Fatty liver disease is a prevailing disease affecting around 17% of the global population and actually comprises of a variety of specific liver conditions that caused due to existing diabetic or obesity conditions. Very often individuals affected are not even aware in the initial stages till symptoms manifest itself in the later stages of the disease.
Its occurrence is more prevalent in Asia in countries like Singapore, Malaysia and Thailand. Fatty liver disease can eventually progress to cause liver inflammation, fibrosis and Nonalcoholic steatohepatitis (NASH), which increases the risk of liver failure. There is currently no treatment for fatty liver disease and NASH, and many research drugs tested in patients during clinical trials have failed to work so far.
However new hope is on the horizon after a team of Singapore Researchers led by Duke-NUS Medical School and National Heart Centre Singapore (NHCS) found that deactivating the cytokine interleukin 11 (IL11) protein with therapeutic antibodies reverses inflammation and scarring of the liver in patients suffering from untreatable non-alcoholic steatohepatitis (NASH).
The findings have implications for the development of drugs to treat the disease.
Dr. Anissa Widjaja, senior research fellow at Duke-NUS' Cardiovascular and Metabolic Disorders (CVMD) Programme and first author of this study commented,"We questioned whether the IL11 protein is important for fat accumulation,scarring and inflammation of the liver due to the overconsumption of fatty food and sugary drinks and snacks. Our research team found that this protein is very important for these processes, and inhibiting it can not only prevent fatty liver disease but also reverse it after it has taken hold of the liver," said Dr. Anissa Widjaja, senior research fellow at Duke-NUS' Cardiovascular and Metabolic Disorders (CVMD) Programme and first author of this study.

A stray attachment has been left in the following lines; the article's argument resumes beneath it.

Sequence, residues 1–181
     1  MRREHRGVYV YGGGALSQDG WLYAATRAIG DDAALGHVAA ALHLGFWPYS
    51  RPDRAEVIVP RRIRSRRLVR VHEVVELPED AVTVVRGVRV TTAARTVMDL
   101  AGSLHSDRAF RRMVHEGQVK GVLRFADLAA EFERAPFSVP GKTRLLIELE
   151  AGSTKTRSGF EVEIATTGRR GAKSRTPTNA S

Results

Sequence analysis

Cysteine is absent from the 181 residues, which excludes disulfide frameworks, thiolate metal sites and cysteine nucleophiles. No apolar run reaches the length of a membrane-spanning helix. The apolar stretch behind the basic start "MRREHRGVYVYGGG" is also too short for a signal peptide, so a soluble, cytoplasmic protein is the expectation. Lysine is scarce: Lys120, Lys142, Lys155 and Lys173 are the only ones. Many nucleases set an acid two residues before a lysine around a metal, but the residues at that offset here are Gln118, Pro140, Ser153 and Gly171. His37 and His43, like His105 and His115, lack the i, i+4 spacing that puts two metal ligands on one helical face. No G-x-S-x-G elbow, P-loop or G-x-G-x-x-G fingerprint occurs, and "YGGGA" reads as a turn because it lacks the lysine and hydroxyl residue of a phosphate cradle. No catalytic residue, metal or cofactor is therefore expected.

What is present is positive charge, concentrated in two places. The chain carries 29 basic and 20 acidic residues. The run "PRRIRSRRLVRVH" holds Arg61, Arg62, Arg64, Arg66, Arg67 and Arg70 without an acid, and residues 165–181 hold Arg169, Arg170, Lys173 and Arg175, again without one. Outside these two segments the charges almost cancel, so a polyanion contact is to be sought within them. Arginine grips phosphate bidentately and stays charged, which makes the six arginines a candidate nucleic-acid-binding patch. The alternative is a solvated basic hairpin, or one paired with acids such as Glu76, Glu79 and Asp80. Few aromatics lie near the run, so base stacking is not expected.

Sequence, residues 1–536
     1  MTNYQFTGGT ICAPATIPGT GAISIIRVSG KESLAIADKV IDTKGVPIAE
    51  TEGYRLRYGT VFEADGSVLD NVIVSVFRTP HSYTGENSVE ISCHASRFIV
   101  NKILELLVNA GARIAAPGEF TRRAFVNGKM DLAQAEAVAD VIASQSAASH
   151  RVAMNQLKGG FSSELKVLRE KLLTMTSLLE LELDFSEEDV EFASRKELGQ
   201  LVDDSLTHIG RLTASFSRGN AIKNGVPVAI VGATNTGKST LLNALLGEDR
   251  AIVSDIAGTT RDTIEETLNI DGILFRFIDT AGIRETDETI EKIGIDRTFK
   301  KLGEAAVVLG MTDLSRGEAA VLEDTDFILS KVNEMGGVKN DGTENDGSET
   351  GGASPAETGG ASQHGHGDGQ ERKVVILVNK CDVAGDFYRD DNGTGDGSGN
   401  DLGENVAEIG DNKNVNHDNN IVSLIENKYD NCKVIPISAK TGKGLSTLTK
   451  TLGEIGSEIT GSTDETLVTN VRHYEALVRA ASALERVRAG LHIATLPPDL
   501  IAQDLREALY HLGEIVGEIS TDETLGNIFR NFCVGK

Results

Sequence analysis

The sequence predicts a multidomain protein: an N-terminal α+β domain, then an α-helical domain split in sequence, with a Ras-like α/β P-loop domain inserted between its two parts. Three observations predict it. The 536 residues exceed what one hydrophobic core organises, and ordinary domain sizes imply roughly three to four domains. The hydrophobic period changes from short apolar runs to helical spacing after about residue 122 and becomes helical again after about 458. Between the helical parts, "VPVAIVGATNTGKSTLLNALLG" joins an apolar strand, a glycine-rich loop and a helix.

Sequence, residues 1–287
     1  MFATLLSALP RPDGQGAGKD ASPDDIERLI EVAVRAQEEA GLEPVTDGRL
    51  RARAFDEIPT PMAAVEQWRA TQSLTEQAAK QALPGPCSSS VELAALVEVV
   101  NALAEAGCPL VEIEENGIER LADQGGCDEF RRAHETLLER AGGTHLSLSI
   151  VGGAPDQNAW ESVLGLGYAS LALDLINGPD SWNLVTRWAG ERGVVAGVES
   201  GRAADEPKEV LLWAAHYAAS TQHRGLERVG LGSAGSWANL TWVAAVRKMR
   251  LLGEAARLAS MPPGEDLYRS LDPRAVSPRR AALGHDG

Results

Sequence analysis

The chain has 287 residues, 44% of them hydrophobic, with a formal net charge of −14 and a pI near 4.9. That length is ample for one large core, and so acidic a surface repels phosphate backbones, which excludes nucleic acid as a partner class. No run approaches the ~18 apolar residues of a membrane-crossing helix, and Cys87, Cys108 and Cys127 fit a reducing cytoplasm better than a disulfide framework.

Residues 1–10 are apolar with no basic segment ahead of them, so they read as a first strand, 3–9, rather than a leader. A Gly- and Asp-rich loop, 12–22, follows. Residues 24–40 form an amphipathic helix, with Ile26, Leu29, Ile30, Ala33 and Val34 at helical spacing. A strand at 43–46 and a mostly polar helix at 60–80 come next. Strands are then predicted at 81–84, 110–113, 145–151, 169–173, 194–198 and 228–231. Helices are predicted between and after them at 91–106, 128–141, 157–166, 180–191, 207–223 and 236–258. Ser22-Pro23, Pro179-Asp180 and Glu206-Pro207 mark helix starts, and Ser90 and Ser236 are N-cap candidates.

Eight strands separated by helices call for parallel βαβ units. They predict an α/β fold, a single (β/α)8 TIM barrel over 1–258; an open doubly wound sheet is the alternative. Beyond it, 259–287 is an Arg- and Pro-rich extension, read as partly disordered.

The Singaporean team found that the cytokine IL11 gene triggers the development of NASH and fat accumulates in the livers of individuals with the condition. It is most common in people who are obese and diabetic, but also found in some alcoholics.
The development of NASH due to the cytokine, gives rise to symptoms like fatigue, abdominal pain, itchy skin, nausea and in severe cases leads to live cirrhosis or cancer.
The therapeutic antibodies developed by Duke-NUS and NHCS researchers inhibited IL11 in a pre-clinical model that mimicked the human form of NASH, preventing and reversing liver inflammation, and even leading to lower blood levels of cholesterol and glucose.
Enleofen Bio, a biotechnology company established in Singapore has obtained the rights to further develop the antibody therapeutics for clinical trials by the end of 2020.Professor Stuart Cook, corresponding author of the study and director and co-founder of Enleofen Bio said “this discovery is a major leap towards treating a once incurable condition that is affecting millions of people worldwide.”
Reference: Anissa A. Widjaja et al. Inhibiting Interleukin 11 Signaling Reduces Hepatocyte Death and Liver Fibrosis, Inflammation, and Steatosis in Mouse Models of Non-Alcoholic Steatohepatitis, Gastroenterology (2019).
href="https://dx.doi.org/10.1053/j.gastro.2019.05.002" target="_blank">DOI: 10.1053/j.gastro.2019.05.002